What is the difference between estate administration and probate? Are they the same thing? Which applies to my situation?
Probate and estate administration are both processes by which a decedent’s property is passed to a named beneficiary or lawful heir. Everyone has an estate. Some people give directions about what to do with their property after their death in an “estate plan”, and some do not.
In New York State, the Surrogates Court supervises both probate and estate administration. If the person had a will, the will goes through probate and the executor named in that will is the fiduciary responsible for ensuring the property goes to the named beneficiary.
The entire process usually takes about a year. This is easier, quicker, and less expensive for the court and for families because the decedent left detailed instructions on what to do with his or her property.
On the other hand, if a person dies without a Will, the person’s property is distributed according to the “intestacy” laws of New York. These rules determine who will inherit your property if you die without a will. It is always best to execute a Will so that you are the one deciding who will inherit your assets. See our “Will Challenges” section of this website to learn who inherits the property of an individual who dies without a Will.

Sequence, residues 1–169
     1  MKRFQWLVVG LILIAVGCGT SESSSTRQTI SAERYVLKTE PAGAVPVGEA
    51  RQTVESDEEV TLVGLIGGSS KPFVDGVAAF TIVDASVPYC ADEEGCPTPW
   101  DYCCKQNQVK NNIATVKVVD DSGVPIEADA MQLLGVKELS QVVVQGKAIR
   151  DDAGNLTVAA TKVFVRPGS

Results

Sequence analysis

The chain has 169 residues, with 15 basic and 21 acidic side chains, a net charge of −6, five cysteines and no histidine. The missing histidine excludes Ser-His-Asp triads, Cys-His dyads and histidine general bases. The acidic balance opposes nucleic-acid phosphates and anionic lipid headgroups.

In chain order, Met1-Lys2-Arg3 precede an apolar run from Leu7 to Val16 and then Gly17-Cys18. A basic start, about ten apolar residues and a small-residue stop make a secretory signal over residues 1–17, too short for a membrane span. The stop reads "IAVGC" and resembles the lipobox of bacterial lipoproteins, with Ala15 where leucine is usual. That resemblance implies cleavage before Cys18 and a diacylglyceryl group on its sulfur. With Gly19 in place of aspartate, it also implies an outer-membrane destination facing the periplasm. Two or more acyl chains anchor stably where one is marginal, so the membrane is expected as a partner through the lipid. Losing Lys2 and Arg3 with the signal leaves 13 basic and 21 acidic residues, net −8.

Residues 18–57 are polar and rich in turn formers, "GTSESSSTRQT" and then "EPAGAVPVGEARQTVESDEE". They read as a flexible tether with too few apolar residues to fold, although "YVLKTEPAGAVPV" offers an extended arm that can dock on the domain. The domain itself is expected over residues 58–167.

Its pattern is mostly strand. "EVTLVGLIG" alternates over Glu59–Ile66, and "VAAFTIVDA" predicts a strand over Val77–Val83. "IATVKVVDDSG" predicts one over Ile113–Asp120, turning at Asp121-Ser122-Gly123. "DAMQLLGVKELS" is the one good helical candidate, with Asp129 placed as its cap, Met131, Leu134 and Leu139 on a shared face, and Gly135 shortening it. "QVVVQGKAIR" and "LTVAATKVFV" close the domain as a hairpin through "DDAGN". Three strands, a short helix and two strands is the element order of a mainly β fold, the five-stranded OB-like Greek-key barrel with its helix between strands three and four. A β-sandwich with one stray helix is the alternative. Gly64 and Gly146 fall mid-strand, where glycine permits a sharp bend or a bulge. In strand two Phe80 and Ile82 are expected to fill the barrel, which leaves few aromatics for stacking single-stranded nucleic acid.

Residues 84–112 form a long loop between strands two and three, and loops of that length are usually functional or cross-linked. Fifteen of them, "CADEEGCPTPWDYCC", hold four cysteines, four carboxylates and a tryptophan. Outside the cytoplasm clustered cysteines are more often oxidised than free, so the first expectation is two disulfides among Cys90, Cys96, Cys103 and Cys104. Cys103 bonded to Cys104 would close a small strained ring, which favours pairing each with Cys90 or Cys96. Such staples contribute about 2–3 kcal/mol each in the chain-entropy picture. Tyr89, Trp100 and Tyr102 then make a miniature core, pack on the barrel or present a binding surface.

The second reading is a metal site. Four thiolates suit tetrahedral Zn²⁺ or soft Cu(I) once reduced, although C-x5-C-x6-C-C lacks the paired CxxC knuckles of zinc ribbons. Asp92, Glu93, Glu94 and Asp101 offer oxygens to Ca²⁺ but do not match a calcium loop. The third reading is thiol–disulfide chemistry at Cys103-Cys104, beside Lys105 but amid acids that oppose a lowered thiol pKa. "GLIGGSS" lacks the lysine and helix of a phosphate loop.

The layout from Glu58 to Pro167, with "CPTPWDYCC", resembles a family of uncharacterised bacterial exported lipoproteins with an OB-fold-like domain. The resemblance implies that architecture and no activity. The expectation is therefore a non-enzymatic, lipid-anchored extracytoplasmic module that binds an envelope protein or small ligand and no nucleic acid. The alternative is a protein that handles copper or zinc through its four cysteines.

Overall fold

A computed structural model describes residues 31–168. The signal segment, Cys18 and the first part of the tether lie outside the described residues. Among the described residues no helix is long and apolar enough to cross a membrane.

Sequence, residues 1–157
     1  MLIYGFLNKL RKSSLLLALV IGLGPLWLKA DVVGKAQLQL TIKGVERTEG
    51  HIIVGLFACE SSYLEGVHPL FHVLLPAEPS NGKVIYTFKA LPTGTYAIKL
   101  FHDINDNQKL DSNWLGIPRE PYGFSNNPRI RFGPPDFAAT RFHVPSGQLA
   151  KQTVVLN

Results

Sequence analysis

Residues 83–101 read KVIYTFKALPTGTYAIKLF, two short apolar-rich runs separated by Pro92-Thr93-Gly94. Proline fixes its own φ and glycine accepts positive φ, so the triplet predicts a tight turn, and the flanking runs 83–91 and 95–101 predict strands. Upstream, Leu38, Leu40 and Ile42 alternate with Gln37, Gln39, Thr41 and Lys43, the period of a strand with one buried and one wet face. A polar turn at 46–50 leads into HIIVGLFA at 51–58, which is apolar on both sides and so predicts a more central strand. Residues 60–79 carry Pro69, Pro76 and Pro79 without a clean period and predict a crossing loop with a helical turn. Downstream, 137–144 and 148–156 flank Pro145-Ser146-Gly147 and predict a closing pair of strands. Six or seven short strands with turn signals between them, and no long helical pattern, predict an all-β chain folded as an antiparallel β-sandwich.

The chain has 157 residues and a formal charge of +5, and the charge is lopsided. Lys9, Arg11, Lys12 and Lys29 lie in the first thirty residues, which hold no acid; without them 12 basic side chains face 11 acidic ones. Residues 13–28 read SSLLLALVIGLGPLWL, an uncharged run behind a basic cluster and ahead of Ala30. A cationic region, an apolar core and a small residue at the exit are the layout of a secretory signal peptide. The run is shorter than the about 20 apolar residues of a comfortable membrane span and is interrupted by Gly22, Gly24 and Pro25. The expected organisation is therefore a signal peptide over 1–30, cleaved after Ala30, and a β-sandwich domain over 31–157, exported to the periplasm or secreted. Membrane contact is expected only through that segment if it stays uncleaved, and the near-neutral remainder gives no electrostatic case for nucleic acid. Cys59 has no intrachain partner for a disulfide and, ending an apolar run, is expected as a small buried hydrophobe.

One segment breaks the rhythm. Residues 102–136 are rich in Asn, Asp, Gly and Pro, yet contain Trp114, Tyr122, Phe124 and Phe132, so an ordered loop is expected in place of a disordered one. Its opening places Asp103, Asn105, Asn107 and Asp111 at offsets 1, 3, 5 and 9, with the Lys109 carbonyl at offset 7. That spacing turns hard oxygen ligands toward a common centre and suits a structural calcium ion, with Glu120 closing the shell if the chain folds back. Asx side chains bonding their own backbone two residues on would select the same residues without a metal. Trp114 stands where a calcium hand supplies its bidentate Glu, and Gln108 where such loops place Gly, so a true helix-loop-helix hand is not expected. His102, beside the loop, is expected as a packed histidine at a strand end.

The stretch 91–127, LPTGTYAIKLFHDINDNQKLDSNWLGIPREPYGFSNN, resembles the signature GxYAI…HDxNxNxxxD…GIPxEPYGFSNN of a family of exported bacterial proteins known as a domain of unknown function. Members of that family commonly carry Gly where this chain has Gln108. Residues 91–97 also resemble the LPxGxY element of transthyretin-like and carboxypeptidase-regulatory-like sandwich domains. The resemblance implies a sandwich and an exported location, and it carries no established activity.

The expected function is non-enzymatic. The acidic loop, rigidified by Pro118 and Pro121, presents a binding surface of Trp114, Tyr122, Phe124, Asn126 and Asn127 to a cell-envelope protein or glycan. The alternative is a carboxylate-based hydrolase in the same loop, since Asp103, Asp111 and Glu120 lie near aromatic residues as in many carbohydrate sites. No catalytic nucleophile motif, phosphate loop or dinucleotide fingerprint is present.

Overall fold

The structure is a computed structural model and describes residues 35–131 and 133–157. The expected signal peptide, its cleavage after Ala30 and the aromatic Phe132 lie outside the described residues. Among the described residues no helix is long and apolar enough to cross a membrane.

We can help you with every aspect of probate and estate administration, including:
- Locating and gathering all estate property and assessing its value;
- Collecting investment income (e.g., dividends, stocks, etc.);
- Determining proper payment methods for claims, debts, or taxes against the estate;
- Communicating with the Surrogates Court;
- Assisting in the preparation of estate tax returns; and
- Distributing property to beneficiaries.
The Witecki Law Office provides the following estate planning services: Wills and Trusts, Asset Protection, Medicaid Planning, Elder Law, Powers of Attorney, Probate and Administration, Guardianships, and Health Care Proxies.